The Greatest Automotive CEOs Of Our Time

The Greatest Automotive CEOs Of Our Time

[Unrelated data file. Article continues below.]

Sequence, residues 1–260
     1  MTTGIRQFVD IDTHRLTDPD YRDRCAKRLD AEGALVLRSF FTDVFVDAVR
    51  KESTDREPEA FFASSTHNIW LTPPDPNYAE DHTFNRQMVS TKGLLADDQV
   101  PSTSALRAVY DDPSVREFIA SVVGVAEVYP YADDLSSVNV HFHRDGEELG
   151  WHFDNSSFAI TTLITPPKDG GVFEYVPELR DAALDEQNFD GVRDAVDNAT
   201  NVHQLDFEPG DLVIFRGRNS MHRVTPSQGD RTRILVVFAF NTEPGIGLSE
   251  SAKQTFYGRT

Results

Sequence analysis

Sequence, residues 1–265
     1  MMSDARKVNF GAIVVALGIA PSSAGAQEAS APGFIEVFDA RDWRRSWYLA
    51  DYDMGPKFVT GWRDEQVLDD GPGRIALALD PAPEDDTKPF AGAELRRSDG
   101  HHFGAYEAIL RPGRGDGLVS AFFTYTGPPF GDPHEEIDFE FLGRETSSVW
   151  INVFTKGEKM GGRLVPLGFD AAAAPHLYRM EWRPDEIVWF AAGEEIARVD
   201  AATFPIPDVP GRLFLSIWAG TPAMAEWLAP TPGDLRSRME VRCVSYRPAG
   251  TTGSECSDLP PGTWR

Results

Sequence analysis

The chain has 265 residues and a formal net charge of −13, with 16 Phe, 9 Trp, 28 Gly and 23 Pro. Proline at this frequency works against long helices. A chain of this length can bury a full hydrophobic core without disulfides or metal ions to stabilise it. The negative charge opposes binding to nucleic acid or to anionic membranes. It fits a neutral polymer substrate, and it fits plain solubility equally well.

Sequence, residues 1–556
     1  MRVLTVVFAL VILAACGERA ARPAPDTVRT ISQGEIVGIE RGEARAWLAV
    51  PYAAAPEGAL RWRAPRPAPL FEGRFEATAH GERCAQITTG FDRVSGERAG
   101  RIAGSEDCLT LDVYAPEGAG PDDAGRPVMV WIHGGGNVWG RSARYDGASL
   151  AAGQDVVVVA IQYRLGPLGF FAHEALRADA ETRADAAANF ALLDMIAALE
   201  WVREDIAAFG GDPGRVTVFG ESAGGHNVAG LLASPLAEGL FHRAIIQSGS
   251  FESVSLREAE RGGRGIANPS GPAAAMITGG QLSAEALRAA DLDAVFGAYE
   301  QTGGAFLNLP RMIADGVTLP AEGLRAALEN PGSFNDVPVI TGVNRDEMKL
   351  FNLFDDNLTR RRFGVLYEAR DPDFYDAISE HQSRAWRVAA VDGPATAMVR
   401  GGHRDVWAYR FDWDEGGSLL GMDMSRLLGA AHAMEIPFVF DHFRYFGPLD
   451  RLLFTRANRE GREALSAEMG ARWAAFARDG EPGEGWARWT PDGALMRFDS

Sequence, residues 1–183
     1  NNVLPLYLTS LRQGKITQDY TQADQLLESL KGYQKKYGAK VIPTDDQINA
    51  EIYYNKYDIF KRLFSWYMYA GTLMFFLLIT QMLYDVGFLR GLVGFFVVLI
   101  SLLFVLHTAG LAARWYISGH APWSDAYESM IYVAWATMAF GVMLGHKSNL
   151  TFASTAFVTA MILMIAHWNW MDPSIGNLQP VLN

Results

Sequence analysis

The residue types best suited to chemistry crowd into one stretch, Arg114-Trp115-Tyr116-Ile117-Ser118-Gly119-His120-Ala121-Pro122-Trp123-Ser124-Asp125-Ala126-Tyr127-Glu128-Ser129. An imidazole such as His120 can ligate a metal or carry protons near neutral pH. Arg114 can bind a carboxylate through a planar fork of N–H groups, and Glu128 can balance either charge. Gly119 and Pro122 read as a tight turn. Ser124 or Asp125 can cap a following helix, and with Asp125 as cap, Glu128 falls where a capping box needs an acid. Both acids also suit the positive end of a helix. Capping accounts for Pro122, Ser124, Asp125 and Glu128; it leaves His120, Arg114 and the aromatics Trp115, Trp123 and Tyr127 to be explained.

hello I'm John Neff global editor in chief of motor one and welcome to this week's edition of the motor 1.com podcast this week we lost a giant of the auto industry Lee Iacocca a veteran of both Ford and Chrysler Iacocca stamped his mark on both automakers giving one and enduring icon and saving the other from the brink he was considered one of the greatest CEOs in any industry and on this episode we'll be discussing his legacy in some of our other favorite automotive CEOs joining me as motor 1.com senior editor and serial non complainer Greg Fink how are you Greg great how you doing John good good I'll explain that later by the way also with us and for the first time ever is motor 1.com Latino managing editor simón gómez how are you doing Simon I'm doing great how are you John I'm very happy to be here yeah it's exciting to have you on and it's a great time to let our listeners and the readers of motor 1 know that we just launched this new edition motor 1.com Latino that you are leading can you tell us a little bit about it is online brain now we have a whole bunch of content very good very curated very high-quality content mostly our adapted notes from the US sister site and but we're going to start doing our other things as well soon enough and and we're I have a team of writers there that I'm very proud of they're very good these two guys got real here in Miami and Francisco in bonus itis they're you know hitting it out of the park constantly and consistently so I am very happy and I am very optimistic of over going yeah I'm really excited to I've been in this industry a long time and and I have worked on a lot of different country editions of car websites when I was at Auto Blog we had international versions and of course at motor one we have eleven eleven now international editions of motor one written in ten languages but this one is most exciting to me just because I know that Hispanic community in the US is crazy about cars and we've really been able to write for them until now yes we are so this shouldn't this shouldn't be confused with motor 1.com Spain which we also have it is also in Spanish but that's all about the Spanish market over in Europe this is all about the US market this is a spanish-language version of motor 1 us and you guys have been doing a great job so far it launched a couple weeks ago and like you said your team is hitting it out of the park with keeping up with the content that the English language us Edition is producing and making sure that that same content gets out to the spanish-speaking audience as quickly as possible and yeah you're right we're gonna get into some original content soon so so yeah it's exciting and it's great to have you on the podcast I hope this will be the first of many appearances opposite to okay so let's let's hop into the big news of this week which is sad it just happened last night the night before we're recording and and it was Lee Iacocca's passing he was 94 which is a ripe old age and and certainly a well life lived for one that's gone as long as that when I was reading about him today it was crazy because I read he joined Ford Motor Company in August of 1946 that's how long he's basically been in the auto industry which is crazy so let me let me go through kind of the greatest hits of his career and then we'll talk him talk about kind of its effect you know his significance and and some stuff that were particularly impressed by so he joined Ford and he kind of rose through the ranks very quickly he started an engineering actually but then he moved over to sales and marketing what he's most famous for at Ford was the Ford Mustang I mean without this guy we wouldn't have the Mustang we wouldn't have the whole pony car segment that survives to this day that segment has kind of waxed and waned but right now I would say it's at a high-water mark and that you know we owe that star to him after he left Ford and he kind of left Ford because of some differences he had with Ford management particularly Henry Ford the second when he left Ford was doing great huge off at the URI left and it was just it sounds like personal differences Chrysler quickly recruited him snapped him up part of his story this amazing part of historia is that he took some projects from Ford that no one at Ford wanted to do and since he was put in charge of Chrysler he have basically the green light to do them and he brought over some of his cohorts from Ford to do that two things in particular are part of his legacy over at Chrysler one is introducing the kei car which spawned many variants and is one of the things that brought Chrysler back from the brink in the early 80s the second is the minivan he brought the idea of the minivan over from Ford where it was kind of laughed off and and disregarded and he launched it at Chrysler with the Dodge Caravan and Plymouth Voyager in the early 80s and it's interesting that just a few weeks ago Chrysler debuted a version of the Chrysler Pacifica minivan called the Chrysler Voyager so it's it's interesting that they brought that name back from the original minivan these were two great things that he brought to Chrysler again these castoffs from Ford he also did another a couple other things that Chrysler that I don't think many people remember as well one is that he got a bailout from the US government think the late seventies or very early 80s for Chrysler they were on the brink of bankruptcy and he basically made the argument that Chrysler is too big to fail that is an argument that wasn't used again until about 2008 when both GM and Chrysler had to use it again at the beginning of the Great Recession to be bailed out by the US government so he kind of set that precedent the other thing and this is perhaps the most significant thing he did for Chrysler that I don't think people talk about enough is Chrysler bought AMC when he was leaving the company when they did that they acquired Jeep as well and right now Jeep is the crown jewel of Chrysler it is perhaps the most valuable brand that the company has and that all happened during his tenure at the company during the 80s and probably the LAT the very last thing he did which you really can give him credit for other than giving it a rubber-stamp is that on his way out the door he gave Bob Lutz permission to go ahead with the Viper that was in the early 90s that was kind of one of one of the last things he did really an amazing career and then of course he's written books about his management and running companies and in business in America and so he's famous for that as well so what do you guys think you know having gone through his litany of accomplishments what do you think is the most significant thing in that that list Greg I'm gonna go with that we're looking at the guy who I think invented the crossover Mustang what was that just a regular family sedan with a sports car crossover been the minivan what was that just a big van mixed with a wagon crossover so every but you know crossover we see today owes a legacy to Lee Iacocca I think well he definitely thought outside of the vehicle segments right he was I think I think you're right you could look at him as the guy who was looking for white space in the industry and then would would help create a car to fill that space the minivan is a perfect example and the Mustang – what about you Simon what stands out in his resume – well I think that Greg forgot about another crossover that that Iacocca invented which is the Lincoln Continental my three he just got a Thunderbirds laptop rolls-royce grille and on his front and crossover but seriously I think the Mustang the Mustang is is gonna be his more lasting legacy is the thing that everybody remembers him from he it was his his drive his his energy the one that that made this car happen he put together this group of thinkers among in the former company that was known as the Fairlane hoc committee the used to meet weekly almost secretly at first and and they were trying to figure out what was gonna be the the nest next big thing in the 1960s that the newer generations were very very different and they sit down and they figure out and they heated out of the park they made this thing that that that was a cultural revolution you know the the the arrival of the Formosa the market was something very different not not like anybody had ever seen before people breaking the windows and the showrooms sleeping inside the cars fist fighting each other for the right to buy a single example and the dealership goes were that's what the first weeks of the Muslims were like and and they end up you know selling four times as many cars as they were expecting to sell the most optimistic projections that were nothing that I wanted to mention about Lee Iacocca is that his maybe not as nice but in 1995 three years after he left Chrysler he joined Kirk Kerkorian the famous corporate raider they try to to make a hostile takeover of the company which was repealed successfully by Chrysler but in my opinion the opinion of many and I'm not very original saying this but it was this this attempt to take over Chrysler what push them into the hands off of them their Bandstand and you know I'm not gonna go into that history but but we all then a and then after that Chrysler has had a string of owners yet we're partners that it's really of course you know right now it's with Fiat and as is humming along fairly well but yeah you're right that that is something yeah there were some there were some dark spots in in his career well he was a coward yeah I was just gonna say he was that Ford when the Pinto scandal happened with you know when it was found they could basically ignite from rear-end collisions because of the the fuel filler neck would detach from the fuel tank so and then we already mentioned the bailout you know it's it's not not exactly a great mark on your record when you're kind of the first businessman to go hat in hand to the US government asking for a bailout but that's what happens when these companies get so big you know one thing I always remember about the Mustang in particular is how popular it was when it the original forecast for and I think it was you know like the 1964 and a half or whatever the first year was was one hundred units sold in the first year that was what they were targeting they passed that in three months the the end by the end of the year they had sold three hundred and eighteen thousand that would be an amazing amount today where people probably buy more a lot more cash than they did of the mid sixties but that's how popular this thing was and you're right like people waiting in line and and you know being crazy for this car it also was one of those cars that created a new segment where Ford's competitors immediately had to enter with something you know and thus were born Camaro and Challenger and and other cars from now-defunct brands that were trying to recreate the success so yeah just there's not many people who have had as big a mark on the auto industry as well as done it twice at two different automakers that's I think what is most impressive to me but it also got me thinking today about CEOs in general and I think for the most part in the auto industry CEOs aren't usually well-known especially to like just average people out there maybe if you're a real diehard automotive enthusiast you could name the CEOs from from the major automakers but normally they're a little bit behind the scenes but even if they are behind the scenes sometimes there still have a major impact on these companies and and I still have some of my you know some that stuck out to me as as really significant or my favorites so I wanted to talk about who who our favorite automotive CEOs are so Simon why don't you start who's who's the ones that year the six out of your mind sighs Lee Iacocca yeah I don't have to go back to Ford and I would say that Alan Mulally he's one of the unsung heroes of the last recovery he managed to avoid go into bankruptcy in to save the company which he found in a horrible horrible shape I remember that and of and avoid going to you know avoid going to the government like Lee Iacocca did I mean he was Ford was the only domestic automaker to avoid having to go through that process you know is the only one left but Mullaly had many many qualities that there are very contradictory what with but we have in our minds have you know the the uber macho automotive CEO with the cigar in his mouth just like Iacocca was he was a social person he he wore leather vests he he didn't were pinstripe suits he was very approachable I remember talking to him when more than one occasion during the Auto Show he's just was there walking around looking at things talking to people and he had a very methodical approach to management he made a lot with people he made them go over and over things until no errors were left in whatever it was that they were doing and he I think that that he's only failure apparently for you know just judging by the last few years at four is that that when he left that culture left with him and and and the old way of doing things there seems to be back in full force but but I think it's a fantastic guy he did great things before he put them back in play in a way that many people were thinking was impossible I remember I was in New York and in the other show maybe in 2000 and he was hiring 2008 in six I believe so this probably was in 2005 and this very super famous old-school car journalist which I'm not going to mention was talking to somebody and I was eavesdropping as I should have and and he was saying that what this guy would a leader about to hire he's gonna be there just liquidate the company and save as much money for the company as possible I was heartbroken because I'm you know coming from such a giant figure this this this declaration I completely believed in oh my god this is this is horrible that what's happened unfortunately that wasn't the case he did exactly the contrary he saved the company and for his is lucky to have had him I hope they they bring back his his lessons and start doing things the right way again what I remember from Mullally is that he came in yeah like he said in 2006 and had a lot of dismantling to do because Ford had just gotten very bloated what I remember some of his biggest moves were was getting rid of the what was a the premier auto group selling Jaguar selling Land Rover selling Aston Martin selling Volvo and reducing Ford stake in maza so he really just you know focused the company down to its core brand and you can you imagine that he even wanted to kill Lincoln but and and and the family then let him but can you imagine if Mullally had come too far in an era like full prosperity maybe in in by the time the Jag Nasser got there and had all these properties the things that he could have done that the the company that fort could have been if he got cut in there when the cows were fat and and and money was plentiful instead he had to sell all these properties which I don't know maybe maybe that was the right move under any circumstance who knows well I think that's why I think that's why he brought why they brought him in I think he was the kind of CEO you bring in when you need to cost cut costs and shrink down to a manageable lean size so I don't I don't know that's a good good what if experiment a thought experiment to think about if he had come in when the the money was flowing and didn't have to cut nameplates what would he would what would he have done but remember he came from Boeing that's what made him perfect was Boeing was you know a large company that manufactured a very complicated product which is exactly what Ford was as well different industries but a lot of crossover he came from blame driving a Lexus that's right yeah he got some flack for it team before you I switched to a Ford product yeah wonderful he drives today though I like tuned I don't know that's a good question yeah I'd like to peek in his garage Greg what about you I am not as savvy when it comes to CEOs I am with the products they sell but you know being in the sinister you pay attention and I don't know if I have a favorite CEO but someone who has continued to impress me and I think will look back on as being a really good leader is Akio Toyoda Toyota and he's been there for about a decade now and we've just watched Toyota go from a once really giant Japanese automaker to a little bit of a lull period in the early to mid 2000 safe for the hybrids which is a really big thing too right now coming very strong you know they've got Supra so they're doing deals with BMW they've got this new electric platform coming out with Subaru this company went from just being kind of what's gonna happen its products aren't quite where they used to be to wow they're really looking toward the future yeah Akio Toyoda is an interesting choice definitely I think more of a lesser-known CEO at least in in the u.s. compared to some of the the domestic automakers CEOs but I would give him credit because he came in where I would say Toyota was at the top of its game a powerhouse and he really he hasn't let it slip too much I think you know that's the the danger of the risk when you come in after somebody has built the company up to an amazing size and it's doing so well and basically you have everything to lose and he's really kind of I think held the bar for Toyota you know I don't think Toyota has it hasn't really been anyone's most exciting company automaker in the last ten years maybe they're getting back to that with the Supra and you know they've won Lamar a couple times now so you know they stay in it but he's really I think steered the ship and kept it on track and not really lost much ground if any that were built up before he got there so yeah that's a decent choice well the other thing too is he's a race you know he races privately I don't know if privately is the right term but I'm sure he's paying money to race you know it's not he's the greatest race car driver but he enjoys racing cars so you can see with Supra eight-six you know he enjoys passion in cars but he's also able to see where money can be made so he understands a Camry still needs to be a Camry and the new camera is better than a lot of pascam so it's clearly getting a little more passion in those cars to you but there is a line where it's like yeah it would be nice if every car drove like an eight-six but the reality is that's not necessary where the money is and I like that he's a guy who kind of could see we're like ok let's throw passion into this project and this is a project where it's here to make money let's make it a great car for what the consumer in that segment wants yeah that's a great point I always respect the CEO that that uses their cars especially when they they race them and and that's definitely a more intimate way of knowing your product then you know like saying Alan Mulally where you're describing the car to and from work and your last car was a was you know with competitors so yeah that's a great choice so my choice is I don't know you're either gonna I think my choice is lame or brilliant so I'm gonna pick Elon Musk even though I don't even know that most people would consider him an automotive CEO because he came from the tech world having been a co-founder of PayPal yes he's the CEO of Tesla but he's also the CEO of SpaceX and a bunch of other companies so he's really not a typical automotive CEO that's one of the things I think is interesting to watch him operate in this automotive industry in ways that are just so strange and foreign and different than what we've seen automotive CEOs do in the past I also think it's a it's it's so fascinating to see a CEO that's very similar to like a Steve Jobs operating in the automotive space and you were talking Simon a little bit before about like when the Mustang debuted and people were lined up around the corner I think not III don't know if this has happened since then except for Tesla where people are as excited about a car as they were for you know the next iPhone when Steve Jobs was alive for better or worse I think he has that quality of creating a reality distortion field around his company and his products and what he does and if Steve Jobs had the same thing and you know that is a for better or worse because it creates a whole giant group of fanboys that that basically love the company the product and the man without question and blindly and that's not good I mean every company should be considered with some level of objectivity but at the same time he's also annoyed and angered people where people just write him off and his company because they don't like him and and I don't like that either I think it's you know I think if he's fascinating to observe I don't see the company as heading for utter failure nor do I see the company as the greatest thing ever and will overtake the entire industry in two years I'm more of a this is an amazing thing that's happening I'm gonna enjoy observing it and we'll see where the next year leads us but it has been he has been a fascinating CEO to watch as he runs this car company created from scratch unlike any car company that's run today I found a very very interesting do you know who he reminds me of the first the first Henry Ford because like I said he creo here in this comfort from nothing he he's a larger-than-life personality he is used to have his way on things for barrel wars and he's a giant and personality it's like it's it reminds me a lot of Henry for the first and and who knows maybe that's that's that's we can I have a consequence eventually you him I don't know if this is gonna be the the equivalent of what for more formal company wasn't the first couple of decades of the 20th century but but but but it's the revolution represents is kind of analog to that I think well and what I think is interesting is that the company is so wound up with the man right like you can't separate Elon Musk from Tesla and his words his actions have material effects on how people view the company the stock price whether or not the cars are bought like that type of figure doesn't come around very often in any industry I don't know that it's I mean maybe it hasn't been in the automotive industry since sin Henry Ford what you know the first or the second but you know so it like I said fascinating to watch you're either a lover or a hater but you know time will continue to tell whether this man's a genius or or a carnival barker and I like to think of whether he'll be John DeLorean or he'll be Steve Jobs whoa that's right John DeLorean is a great great name to bring up when we're talking about CEOs because that's the that's a guy who's probably would you'd put on the list of worst automotive CEOs of all time he was president he actually had a different CEO but he was president of DeLorean Motor Company a fair fair distinction but I would say even work founder there was a difference CEO of DeLorean even though he made very poor choices you can't deny that he passionately wanted his company to survive and he was willing to illegally sell drugs to make that happen so you know there was passion there just a little misplaced so very good discussion I want to I want to keep moving though and there was some a couple interesting pieces of card news that I think are worth talking about the first is an extension of our last podcast discussion which was all about the Camaro and the news that the Camaro might die after the 2023 model year we've had some speculation that that if it goes away it may come back as an all-electric pony car the the the reasoning for this the the argument is somewhat thin however there's I'll try to lay it out as clearly as I can for one one of the the lead product managers for Camaro was moved over to the electric car division at GM so they've kind of moved a performance guy over into the electric car division and one would think that him bringing that expertise there means that there's going to be an electrified performance product and that could come be you know be with the name Camaro the the other the other thing is that we we all seem it seems to be somewhat certain that the that GM has no plans for the current Camaro after 2023 and basically the platform it's on the Alpha platform is what GM considers a legacy platform that it's that it's going to stop supporting at some point they will have a rear-wheel drive platform after that it'll be one of four platforms it doesn't seem likely that it's going to be used you know for another big v8 honking muscle car so I you know whether or not this is true I don't know and I don't I don't think it's way too early for any of us to argue whether whether it is or not however I keep coming around to this idea of electric muscle cars and the reason is because while Ford will be bringing a hybrid Mustang they will be building a Mustang and I inspired electric crossover and Dodge has publicly talked about the only way to add more power to the Challenger is to make it a hybrid to add electrification and then we've got this speculation about the Camaro and remember Chevy did produce an electric Camaro there's the Eco PO which is the electric Camaro drag drag car they've dabbled in it do you think that the muscle car fanatics out there the buyers the the real loyal people who are buying Mustangs Camaros and challengers right now could ever get behind electric versions of those cars I have a hard time believing that that is going to be an easy transition Greg what do you think they're gonna have to I think at a certain point most vehicles are gonna be electric but I don't know if it's gonna need to happen very quickly I still don't you know I take this report with a grain of salt this was a lot of hay we saw a guy move over to here used to be there and thus that guy was on that so maybe he's part of this and thus the Camaro might now be electric and electric crossover and it could be as you said Ford has said that they are gonna make a electric crossover inspired by the Mustang so wouldn't surprise me if Chevy goes a similar route but I don't think that means this is going to necessarily overshadow the entire Camaro could Camaro could die but Camaro could live sub you know at the same time I think it won't be a drastic switch I don't think all of a sudden in like 2025 we're gonna go from v8 powered Camaros and Mustangs to all-electric Camaros and Mustangs I think electric electrification will sneak in like it is very soon with like a hybrid Mustang or like in a challenger with some type of an electric assistance to get more torqued like in a drag race mode or something like that automakers are gonna have a really hard business case to keep producing VA it's just for your Mustangs your Camaros and your challengers I would say you know rather than go from v8 turbo turbo v6 'iz and and to keep modifying that you know if you look at it from the sense of well if we want the fastest cars if that's what is important about muscle cars I don't know maybe going all-electric right away is a good plan because I mean look at look at the Tesla's out there that are some of the fastest cars in the world and they're not even supercard as they're sedans you know you throw that a powertrain like that into a muscle car and you could have incredible quarter-mile times incredible lap times but the thing is I you know I feel like there's so much emotion and image tied up in a v8 burble with a muscle car that I just I just don't know if that that that circle can be squared with those buyers what do you think Simon I don't know well change is always painful and I will never forget like I was and in a reunion of on a meeting of some Corvette club in the middle of Florida and somebody was saying that he would never again buy a Corvette because they didn't have around the new one the c7 they have roan has like real lights but apart from that I think that that Chevy if this if this is true of this this has any any semblance of truth they could be onto something you know because while Chrysler or Dodge and Ford are going at it gradually creating first you know hybrid versions that probably plug-in hybrid versions until the eventually electric pony car happens Chevy would I bleep frog them with their electric Camaro and and and and we'll probably get some advantage there over them I don't if I'm making any sense but you are but and I let me take it one step further in that like right now I think we are we are in the midst of a muscle car horsepower war imagine if these cars were electric and that power war were happening like I mean we're talking easily nine second quarter mile time straight from the factory like like that's what these cars could do with that amount of power that amount of torque and zero rpm all that all of that stuff I mean we would be seen probably the fastest most fun to drive muscle cars we've ever seen out of the switch – I have zero that's about it I just I just think that that there's some there's gonna be some resistance I don't think it's gonna be significant to be honest people are going to love that eventually in the younger people don't live that way as they should that's true that's true I mean look it also depends on on some of the other numbers you know like range and and battery recharge time and all of those things that I think most automakers besides Tesla haven't really figured out the right equation for you know so far we're getting a lot of sub 250 mile range electric cars and until you get I think the 300 mile capable ones like people just have a hard time seeing them as anything more than a second car maybe that's okay if you're if you're buying it as a muscle car but and also yeah like and also first charging times fast charging times yeah I don't know if I don't know maybe they will have you know a digital soundtrack to recreate the sound v8 engine or something and and I could see I I would bet if they did that they would go so far as to like make some kind of weight in the car like vibrate to make you like your engines idling I could see them going so far just to have like oh I wouldn't mind that he wouldn't like that at all yeah that would be hilarious so the the other piece of news is about the Corvette and the final c7 seventh generation Corvette has been built and it just went up for auction for charity at barrett-jackson northeast auction and it's sold for a record 2.7 million dollars now that's a record for a car sold for charity at auction and we we've seen this happen tons of times where an automaker will auction off either the first car ever like they just auctioned off the first Supra of the latest generation or the auction off the last one but 2.7 million is like two and a half times the highest price I've ever seen for for one of these cars and I'm shocked by it because it's just the last car of a generation and there's gonna be another Jenner like it is not like the last Corvette ever nor is it like that you know nor was the c7 like the be-all end-all of Corvette generations so I don't I don't really I can't really understand why it went to 2.7 well this is though is that is the last for an engine Corvette in a while yes that is its claim to fame the last front engine Corvette because we have the mid-engine one replacing it as the eighth generation so I guess I guess that's the good a reason as any maybe it will do you think it'll keep that value though at 2.7 million I know but if the tax write-offs good enough you know there was a charitable donation it is a terrible donation and I believe that the the charity I forget the name but it goes to building houses for severely injured veterans so a great cause and I'm super happy they got 2.7 million and maybe the guy who bought it doesn't care what it's worth and knows it'll probably have a significant value but just wanted to make a really big donation to a great cause but oh that that was I was shocked when the gavel fell at 2.7 million all right well we'd love to hear what you think about the stories we've been talking about specifically about Lee Iacocca if anybody has if you have some great stories or comments on the life and career of Lee Iacocca we'd love to hear them you can find us on Facebook and Twitter at motor 1.com or you can visit us on our website motor 1.com where you can talk to us in the comments coming up we're gonna find out what we've all been driving this week but before the break a reminder that if you're listening to this online you can also get our show on iTunes Apple podcast google podcasts and Spotify so please subscribe so that you're sure to get the next episode when it comes out during the next part of the show we're going to talk about what cars we're driving this week and today I'm going to start with you Greg and the reason I refer to you as a serial non complainer is that you had a car that was definitely worth complaining about this week and I didn't hear a peep from you so tell us what you were driving I am driving the 2019 Mitsubishi Mirage and it is a mirage of what you think a good car is supposed to be and then you're getting it you realize it's not that good it's fine enough it's a car let me let me let me ask a couple questions what is the as-tested price I want to say sixteen thousand nine hundred something that's actually more than I thought yeah it is not as cheap as you would expect considering only a seventy eight horsepower oh my god I've been should be like a law against that like that that does not seem safe on us roads it doesn't feel very safe I hate to say that I mean it's fun to drive in its own weird way because it's very light and it you know everything kind of moves in a gentle slow like be really fun to rallycross I feel like because it's slow enough to not get in too much trouble and it's like the suspensions very cushy so it probably handled bumps really well if I could find one for cheap with a stick shift this one's got the CVT in it I would be buying one tomorrow just as a rallycross toy is it is it a weird colour no it's white on black with black wheels it actually it looks pretty good it got a facelift I want to say 2018 and the car looks actually pretty good right now for what it is it's not as dopey-looking as it looked when it first came here I don't know if I'm if I'm gonna drive a car that cheap and that small I think I would rather take $16,000 and import the Tata Nano from like India and drive around in a super rare super cool cheapest you know crazy cheap car the Mitsubishi it's just I haven't I haven't driven one I you know I I hear about when some people buy them and they get they get you know ribbed on for buying it and you know I usually i usually say my philosophy is that most cars for sale today are good like when we review cards it's not separating the bad cars from the good cars it's usually trying to distinguish the great cars from the good cars but there are still a few cars that just aren't good and this seems to fall below that line so are you reviewing it yes and I would say this it's a car it's good enough if for whatever reason they approve your credit or the dealer's selling them for cheap if this is what you can get it gets the job done it's got a/c it's got cruise control it's got like a touchscreen you know infotainment system with apple carplay that said if you're paying full price there are a lot of other much better cars for 16:9 there's a lot better used cars for 69 I mean just good it is nice that it has a full warranty and it's it's got a tiny three cylinder engine but in theory it gets like 40-something miles per gallon on the highway I'm defending what really isn't that defensible at this price but I understand that some people want that warranty and maybe this dealer will give them with their credit you know what they have that builder like we'll get you in to Mirage or it's 7,000 dollars off sticker so you're actually paying 8k but it's sticker it's tough to argue yeah yeah I'll be interested to see what your score is on our ten point scale for the review if it if it beats five I'll be impressed five out of ten all right Simon how about you what have you been driving this week Simon has been driving a Nissan Altima sv with pro pilot and his basic transportation are 219 version means is there's I love you like go ahead sorry I kind of feel like that I kind of feel like the current Altima is the camry of our age like the camry the current camry has gotten so wild in its design that i just don't look at it as that basic transportation anymore like you have to be okay with it's polarizing design but then I look at the Altima and the ultimate to me is like that every man's car that you know you just drive if you kind of don't care and and I don't know maybe that sounds like a slight but you can sell a lot of those cars know that other people out there and you that's exactly what a basic car what needs at once actually yeah and in in Disgaea I did their cells I've been growing and growing they gave it this pleasing styling that is not generic it's a bit of personality to it and and and I like it I enjoy it and and the interior is very nice as it's years ahead of what needs I'm used to do inside cut their cars it has a very pleasing almost German feel to it and a propeller works just fine just fine so and and and the CVT is completely offensive you don't realize is there which is fine that you mean maybe other CVT is I've gotten a lot better yeah oh my god yes they have there used to be terrible like like every city that's this technology as time progresses technology things to get better so and is the ultimate you're driving all-wheel-drive because that's new no it's not sadly this okay yeah it feels like though so that's that's a good part if you'd like to ask ask Nissan what the take rate is for all-wheel drive on the on the new Altimas just it just to see if it's was worth adding so okay well that's a that's a I was gonna say that's an interesting car but it's not really an interesting car it's it's kind of like the Mirage it's a car but yeah though I said with Greg ins and I wanted to jump out yeah no that's good I think I think you probably got the better end of that deal so so the car I'm driving this week is a little different than what you guys are driving I have the keys to a McLaren 720's Spyder and this this car breaks records for me in terms of cars that I've driven or EV have been loaned for review it is both the most powerful at well over 700 horsepower and the most expensive at four hundred and eleven thousand dollars so it has been it has been actually quite terrifying to drive the car to back it's been terrifying to back it out of my driveway because I have a thin driveway with a brick wall on one side and the last thing I want to do is like you know ripoff sideview mirror and then fortunately it comes with a little button you press to raise the suspension when when you're like you can only press it below 40 miles an hour it'll raise the suspension so you can like pull in your driveway or whatever and I basically I have to use it to get out of my driveway and then any like parking lot I pull into you anytime I pull off the main road I gotta hit it again to you know just make sure I don't scrape the the front lip spoiler on something but look it's amazing it is I haven't I haven't had a chance to find a safe space to you know really put my foot down but what little I have been able to do is if the car is telepathic it it this the steering is instant and accurate and full of communication the the you know the engine is like I said I haven't there's so much power I barely tapped into it just driving around actually I took a grocery shopping and there is no trunk but there is a Franck and it's actually a pretty big front trunk so it took all of my groceries but obviously like you know like I said I couldn't really dip into the engine what has surprised me so far is that just tooling around town in the normal suspension setting it is actually pretty comfortable that the suspension is not punishing at all it's actually pretty compliant like this is this is in insane to say but like I could daily drive this if I had more money than I knew what to do with but I could drive this every day it's not that hard to get in and out of considering what it is there's you know that it has the kind of scissor doors and you have to get over a little bit of a sill but it's not like getting into a BMW i8 which is the most ungraceful thing you could do much easier to get into into and out of this and all the controls are either drop rate like it really was actually pretty easy to get in and drive around so I have it over this holiday weekend and I'm gonna go to some barbecues with it it has attracted crowds wherever I've gone at the grocery store people came up to me and and actually even just in my driveway people have just walked up my driveway and started talking to me about this car so it's been an experience you know it's it's so outlandish $411,000 you know to review it is ridiculous because it's not like somebody who buys it is gonna read a car magazine and say oh I think I'm gonna spend my $411,000 on that instead of the $411,000 Ferrari because of what this guy said but is it is just an experience like like no other I've driven some expensive cars before and some fast cars and this is at the very top of that list so it'll be interesting we're gonna have a review of it coming up pretty soon so we'll be I'll be interested to see what that scores on the ten-point scale definitely I'm thinking above a 5 so all right well that is it for this episode of the motor 1 podcast you can follow Greg at the thinker on Twitter and assignment I forgot to get your Twitter handle I do have one that you can share yes my to have those simón gómez feet is a matrix inside mo and g om VZ v great and you can follow me on twitter at john underscore m underscore Neff I want to thank you two for joining me on the podcast today thank you thanks John for having me you're welcome and thanks of course for everyone out there listening and we'll talk to you next week you